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Sleeping on the job boosts productivity

Sleeping on the job boosts productivity

Encouraging workers to take an afternoon nap could dramatically improve economic fortunes across the western hemisphere, according to leadership and business experts, Professors Nada and Andrew Kakabadse.

Nada Kakabadse explains:

“Having assessed employee performance and health studies recently conducted across the UK, US and Western Europe, we believe offering workers the opportunity for a brief nap provides significant benefits in employee concentration, health and productivity.
“People are increasingly being asked to do more with less at work. Outdated and uninspiring management practice is having an oppressing effect on workforces, who are increasingly operating in environments where the attitude is ‘lunch is for wimps’.

‘Outdated and uninspiring management practice is having an oppressing effect on workforces’

Are workplace siestas the answer to better productivity?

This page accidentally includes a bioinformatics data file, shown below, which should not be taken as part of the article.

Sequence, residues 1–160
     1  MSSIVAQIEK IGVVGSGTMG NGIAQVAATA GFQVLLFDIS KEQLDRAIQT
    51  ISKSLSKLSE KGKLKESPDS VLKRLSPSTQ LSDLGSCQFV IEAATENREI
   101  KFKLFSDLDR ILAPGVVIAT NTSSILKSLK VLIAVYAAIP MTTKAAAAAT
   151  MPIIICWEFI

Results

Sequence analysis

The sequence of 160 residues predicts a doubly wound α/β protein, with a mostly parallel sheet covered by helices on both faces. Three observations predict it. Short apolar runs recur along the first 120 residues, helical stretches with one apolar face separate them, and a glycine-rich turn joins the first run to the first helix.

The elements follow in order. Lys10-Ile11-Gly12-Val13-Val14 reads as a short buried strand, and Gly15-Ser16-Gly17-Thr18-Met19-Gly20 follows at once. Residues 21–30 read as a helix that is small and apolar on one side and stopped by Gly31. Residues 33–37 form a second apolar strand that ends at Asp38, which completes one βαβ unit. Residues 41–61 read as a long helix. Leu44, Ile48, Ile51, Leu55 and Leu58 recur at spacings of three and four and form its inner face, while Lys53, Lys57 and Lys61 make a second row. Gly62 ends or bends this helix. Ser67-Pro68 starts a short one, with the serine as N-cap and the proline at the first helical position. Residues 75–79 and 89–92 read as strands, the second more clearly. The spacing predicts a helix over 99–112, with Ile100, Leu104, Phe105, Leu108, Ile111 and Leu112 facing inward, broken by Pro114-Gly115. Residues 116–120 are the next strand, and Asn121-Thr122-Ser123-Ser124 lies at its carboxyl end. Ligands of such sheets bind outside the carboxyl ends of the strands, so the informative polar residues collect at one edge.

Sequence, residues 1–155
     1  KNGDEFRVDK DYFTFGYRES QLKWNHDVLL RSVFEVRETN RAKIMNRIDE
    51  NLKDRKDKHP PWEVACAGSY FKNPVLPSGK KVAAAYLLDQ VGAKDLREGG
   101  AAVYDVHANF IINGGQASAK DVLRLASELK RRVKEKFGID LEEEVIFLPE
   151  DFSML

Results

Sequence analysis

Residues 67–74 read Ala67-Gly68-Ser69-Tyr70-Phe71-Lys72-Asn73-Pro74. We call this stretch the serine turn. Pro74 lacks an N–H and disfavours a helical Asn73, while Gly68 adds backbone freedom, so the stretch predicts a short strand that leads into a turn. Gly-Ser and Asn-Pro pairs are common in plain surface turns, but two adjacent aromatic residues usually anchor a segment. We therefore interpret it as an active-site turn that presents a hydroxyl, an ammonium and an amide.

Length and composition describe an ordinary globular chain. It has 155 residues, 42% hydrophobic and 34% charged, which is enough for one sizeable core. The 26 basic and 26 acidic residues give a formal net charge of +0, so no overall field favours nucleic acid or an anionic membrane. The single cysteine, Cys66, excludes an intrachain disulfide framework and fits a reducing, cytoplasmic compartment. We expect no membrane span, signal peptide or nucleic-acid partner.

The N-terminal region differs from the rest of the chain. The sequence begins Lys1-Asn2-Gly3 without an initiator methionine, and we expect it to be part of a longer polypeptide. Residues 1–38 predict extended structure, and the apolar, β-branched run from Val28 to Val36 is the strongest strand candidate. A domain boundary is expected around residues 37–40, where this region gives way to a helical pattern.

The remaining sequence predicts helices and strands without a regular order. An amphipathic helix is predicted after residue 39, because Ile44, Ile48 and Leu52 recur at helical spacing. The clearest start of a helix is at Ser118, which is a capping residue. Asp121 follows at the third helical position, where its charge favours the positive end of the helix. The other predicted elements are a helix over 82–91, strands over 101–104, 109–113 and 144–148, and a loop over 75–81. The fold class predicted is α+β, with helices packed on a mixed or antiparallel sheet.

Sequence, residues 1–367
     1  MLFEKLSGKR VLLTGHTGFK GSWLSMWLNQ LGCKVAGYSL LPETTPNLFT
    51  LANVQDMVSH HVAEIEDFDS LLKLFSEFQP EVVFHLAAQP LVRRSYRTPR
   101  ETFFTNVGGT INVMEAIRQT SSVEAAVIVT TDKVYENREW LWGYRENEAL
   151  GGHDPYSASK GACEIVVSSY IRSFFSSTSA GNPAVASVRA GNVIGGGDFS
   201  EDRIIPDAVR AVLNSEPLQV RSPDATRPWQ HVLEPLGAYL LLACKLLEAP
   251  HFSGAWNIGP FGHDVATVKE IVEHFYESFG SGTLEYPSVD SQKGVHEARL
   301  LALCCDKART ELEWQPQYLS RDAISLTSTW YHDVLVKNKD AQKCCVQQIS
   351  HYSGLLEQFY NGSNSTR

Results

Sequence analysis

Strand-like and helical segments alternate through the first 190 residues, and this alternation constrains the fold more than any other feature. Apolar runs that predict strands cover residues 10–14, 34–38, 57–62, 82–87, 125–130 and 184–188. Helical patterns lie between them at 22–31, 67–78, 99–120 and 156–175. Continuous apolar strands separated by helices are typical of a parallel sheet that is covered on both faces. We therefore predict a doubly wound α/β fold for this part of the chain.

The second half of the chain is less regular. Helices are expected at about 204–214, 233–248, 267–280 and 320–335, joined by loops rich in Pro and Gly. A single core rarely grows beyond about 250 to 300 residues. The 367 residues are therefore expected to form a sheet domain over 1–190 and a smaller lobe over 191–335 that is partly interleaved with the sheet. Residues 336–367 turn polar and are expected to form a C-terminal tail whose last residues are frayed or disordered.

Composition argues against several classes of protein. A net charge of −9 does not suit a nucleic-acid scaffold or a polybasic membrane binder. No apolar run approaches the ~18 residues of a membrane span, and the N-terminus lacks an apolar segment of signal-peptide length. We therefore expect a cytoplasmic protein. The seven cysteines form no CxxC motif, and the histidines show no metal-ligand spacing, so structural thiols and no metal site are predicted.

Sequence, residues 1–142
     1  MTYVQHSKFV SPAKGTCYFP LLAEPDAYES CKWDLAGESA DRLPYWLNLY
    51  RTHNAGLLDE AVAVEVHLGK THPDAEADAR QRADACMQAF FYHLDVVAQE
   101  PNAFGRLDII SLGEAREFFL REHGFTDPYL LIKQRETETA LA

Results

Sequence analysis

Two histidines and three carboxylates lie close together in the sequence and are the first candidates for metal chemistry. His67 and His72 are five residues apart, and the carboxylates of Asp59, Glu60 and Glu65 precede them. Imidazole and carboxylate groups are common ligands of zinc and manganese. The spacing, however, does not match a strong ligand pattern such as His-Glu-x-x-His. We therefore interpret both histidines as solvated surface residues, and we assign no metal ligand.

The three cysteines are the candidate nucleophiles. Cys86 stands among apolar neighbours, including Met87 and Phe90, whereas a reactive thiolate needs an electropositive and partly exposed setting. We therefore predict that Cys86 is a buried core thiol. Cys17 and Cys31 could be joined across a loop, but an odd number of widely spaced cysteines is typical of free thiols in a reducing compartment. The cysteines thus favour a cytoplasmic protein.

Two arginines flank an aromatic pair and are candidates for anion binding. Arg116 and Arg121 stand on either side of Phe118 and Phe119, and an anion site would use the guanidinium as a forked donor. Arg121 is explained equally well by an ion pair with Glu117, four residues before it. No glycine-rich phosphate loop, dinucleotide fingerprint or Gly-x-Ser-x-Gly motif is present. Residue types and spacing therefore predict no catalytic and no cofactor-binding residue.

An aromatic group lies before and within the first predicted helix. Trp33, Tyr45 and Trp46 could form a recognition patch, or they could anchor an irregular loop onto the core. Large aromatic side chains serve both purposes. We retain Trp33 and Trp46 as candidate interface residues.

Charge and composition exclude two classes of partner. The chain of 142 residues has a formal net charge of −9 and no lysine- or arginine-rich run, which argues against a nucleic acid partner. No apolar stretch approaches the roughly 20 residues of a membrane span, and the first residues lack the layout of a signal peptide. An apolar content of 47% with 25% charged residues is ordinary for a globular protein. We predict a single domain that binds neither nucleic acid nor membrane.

“Today’s management techniques are based on 19th Century manufacturing models. These originally featured a proper break during the work day – one example being afternoon siestas, which were commonplace in Germany up until the Industrial Revolution.
Andrew Kakabadse adds:

‘A group taking a 90-minute nap improved in their ability to learn by 10%’

“Our review collated recent findings on the significant value to employee health and efficiency in the UK and across many of our economic allies”. These included:
Andrew continues:

  • People napping at least three times a week for an average of 30 minutes have a 37% lower coronary mortality than those not taking siestas
  • A group taking a 90-minute nap improved in their ability to learn by 10%, while a non-napping group did 10% worse
  • Many airlines, including Continental and British Airways, allow pilots to sleep during long international flights while colleagues take over the controls

“A key consequence of the economic crisis is that breaks are getting shorter as job insecurity increases.

“We recommend companies consider and evaluate appropriate break times for their workers. Staff should be encouraged to take approved rests, and be provided with a private place where they can take a nap without any pressure of their reputation being damaged for doing so.”

For further information:

www.kakabadse.com